I had an ingrown toenail, and it was supposed to be a quick fix. I was 14 and had my mom in with me. They let an apprentice do the surgery, and suddenly he goes “Oh God.” The doctor in charge just laughed and said "No risk, no fun." Turns out they messed up my toe, and I had to have four more surgeries to correct it. I cried.
I was the patient, and it was a kidney biopsy. I was pretty out of it, but still awake so they could talk to me, laying on my stomach as my kidney doctor worked behind me. He warned me, “You’re going to hear a click and it will feel like Mike Tyson punched you in the back.” “Ooookayy?” I hear, click, feel the punch, then hear, “Oh, GOD. Get on the phone now.”
A nurse came up near my face to calm me, and maybe keep an eye on me. I don’t really remember everything. Apparently, the doctor had nicked a blood vessel, and I was bleeding internally at an alarming rate. I got to spend the night in the hospital and peed what seemed like pure blood for about 24 hours. Never try to fit your kidney biopsy in on a Friday before the doctor leaves for vacation.
My friend had a horrible moment when he was going under the knife. Two minutes into surgery, the doctors noticed his pupils dilating or something. He said it was horrible, he could feel the scalpel cutting into his flesh, the agonizing pain, and the oxygen thing only gave him air every few minutes. They noticed he wasn't under and fixed it. But then the dark truth came out.
Turns out, the anesthesiologist who put him under was his ex-girlfriend, though no one knew about it, and she likely did it on purpose. The surgery went well, the recovery was a bit longer than expected, but he's all good now.
I’m a biomedical scientist, and my officemate was a medical doctor working on his PhD. He once did an appendectomy and cut into this person’s abdomen—only to find no appendix. He started freaking out. The support nurses in the room, however, started snickering at him because they knew right away what the problem really was.
Occasionally, they see someone with a rare genetic disorder where all their left-right asymmetries are reversed. This patient’s appendix was on the other side.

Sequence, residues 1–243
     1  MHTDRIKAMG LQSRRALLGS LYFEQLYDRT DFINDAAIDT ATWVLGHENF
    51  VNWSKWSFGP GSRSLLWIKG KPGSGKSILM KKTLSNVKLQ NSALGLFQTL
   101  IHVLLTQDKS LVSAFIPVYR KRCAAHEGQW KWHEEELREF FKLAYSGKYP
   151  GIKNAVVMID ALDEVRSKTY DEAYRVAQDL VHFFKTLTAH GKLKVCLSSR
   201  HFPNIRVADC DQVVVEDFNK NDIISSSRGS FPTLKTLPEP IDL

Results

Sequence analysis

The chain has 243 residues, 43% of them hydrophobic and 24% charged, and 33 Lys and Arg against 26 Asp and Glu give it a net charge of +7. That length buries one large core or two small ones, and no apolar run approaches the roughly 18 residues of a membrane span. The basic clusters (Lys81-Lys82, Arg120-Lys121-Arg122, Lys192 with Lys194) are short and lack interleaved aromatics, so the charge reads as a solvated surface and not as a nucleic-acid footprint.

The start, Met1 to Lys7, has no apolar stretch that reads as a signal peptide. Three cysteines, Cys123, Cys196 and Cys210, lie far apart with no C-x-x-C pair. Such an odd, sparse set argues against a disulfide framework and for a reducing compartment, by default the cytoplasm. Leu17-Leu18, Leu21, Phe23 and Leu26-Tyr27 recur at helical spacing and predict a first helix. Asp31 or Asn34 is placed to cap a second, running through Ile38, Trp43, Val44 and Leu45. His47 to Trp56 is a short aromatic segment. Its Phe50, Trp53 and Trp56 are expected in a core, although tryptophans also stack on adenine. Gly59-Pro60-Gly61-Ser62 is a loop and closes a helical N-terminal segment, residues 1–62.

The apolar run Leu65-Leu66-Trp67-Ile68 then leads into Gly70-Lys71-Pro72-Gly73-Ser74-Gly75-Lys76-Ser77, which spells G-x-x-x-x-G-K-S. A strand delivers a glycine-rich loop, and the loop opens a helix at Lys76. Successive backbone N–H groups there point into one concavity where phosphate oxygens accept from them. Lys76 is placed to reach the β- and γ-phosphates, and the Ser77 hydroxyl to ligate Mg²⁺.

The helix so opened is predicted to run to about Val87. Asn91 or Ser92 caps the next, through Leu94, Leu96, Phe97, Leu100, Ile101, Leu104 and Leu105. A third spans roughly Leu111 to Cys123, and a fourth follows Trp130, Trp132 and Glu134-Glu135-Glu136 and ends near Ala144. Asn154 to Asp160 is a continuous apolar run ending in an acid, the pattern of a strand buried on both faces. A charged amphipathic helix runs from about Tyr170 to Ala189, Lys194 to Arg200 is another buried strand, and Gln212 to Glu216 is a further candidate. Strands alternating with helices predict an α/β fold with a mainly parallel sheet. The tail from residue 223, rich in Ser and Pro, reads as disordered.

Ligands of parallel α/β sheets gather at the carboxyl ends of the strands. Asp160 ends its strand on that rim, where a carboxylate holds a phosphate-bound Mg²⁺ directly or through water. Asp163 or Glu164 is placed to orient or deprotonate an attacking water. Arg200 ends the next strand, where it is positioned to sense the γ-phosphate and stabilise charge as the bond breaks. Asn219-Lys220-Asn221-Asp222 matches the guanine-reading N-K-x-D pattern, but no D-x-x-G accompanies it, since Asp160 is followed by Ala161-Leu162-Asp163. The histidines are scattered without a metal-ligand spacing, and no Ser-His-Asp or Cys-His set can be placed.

I had a lady come into the ER listed as “Multiple Medical Problems”. This usually means diabetes and the issues stemming from it, or maybe bleeding issues from another issue or maybe odd blood tests results at a clinic. I hadn’t seen the patient yet, but the doctor came to the nurse’s station asking who had room 15. I jumped up and followed him into the room.
I walked in and saw what I thought was a corpse. Then the patient’s eye swiveled over to look at me. She truly looked like one of the people they found in a concentration camp. I could see every bone, and her body was twisted in a decorticate position with her jaw locked open. Then the smell hit me: rotting flesh and body fluids. I struggled to keep a neutral face and not gag.
I tried to place a blood pressure cuff on her arm and her skin just started flaking off in my hands. I gagged. The doctor started removing her clothes to examine her. Her feet were black to the ankles. Her hip bones were poking through her skin and were black. The skin around her ribs was worn away to oozing muscle fibers.
Her calves were incredibly swollen and the skin was splitting like ripped pants. I removed her Depends, and there was excrement coating her entire genital area. Then the doctor went to remove a large bandage on her lower back. Her entire sacrum was exposed and the bones were BLACK! The skin around it was a black liquified mass.
It smelled like nothing I’ve ever smelled. I can’t even describe it. The doctor told her family I would clean up her ulcers and wounds in preparation for surgery (liar, no surgeon would operate on her). I had no idea how to clean dead bone tissue and liquified skin (they don’t cover that in nursing school). When I went to clean her sacral area, all the liquified skin separated and oozed all over the bed. I really struggled to keep myself together.
Afterward, I needed a moment in the supply closet to cry it out for a second. I had no idea the human body could break down so much without dying. I still think about that woman sometimes, and what led to her living like that. It still breaks my heart. My guess is that she had some sort of traumatic brain issue or a stroke.
Family members were taking care of her, and I think they were treating her absolutely horribly. I think as her skin deteriorated, she developed terrible pressure ulcers that never healed. The swelling was probably due to starvation and a lack of protein in her diet. I’ve had nightmares about her face since then. Once, I dreamed she crawled into bed with me.
I freaked the heck out and ran into the hallway. My toddler walked out after me, rubbing his eyes, asking why I ran away.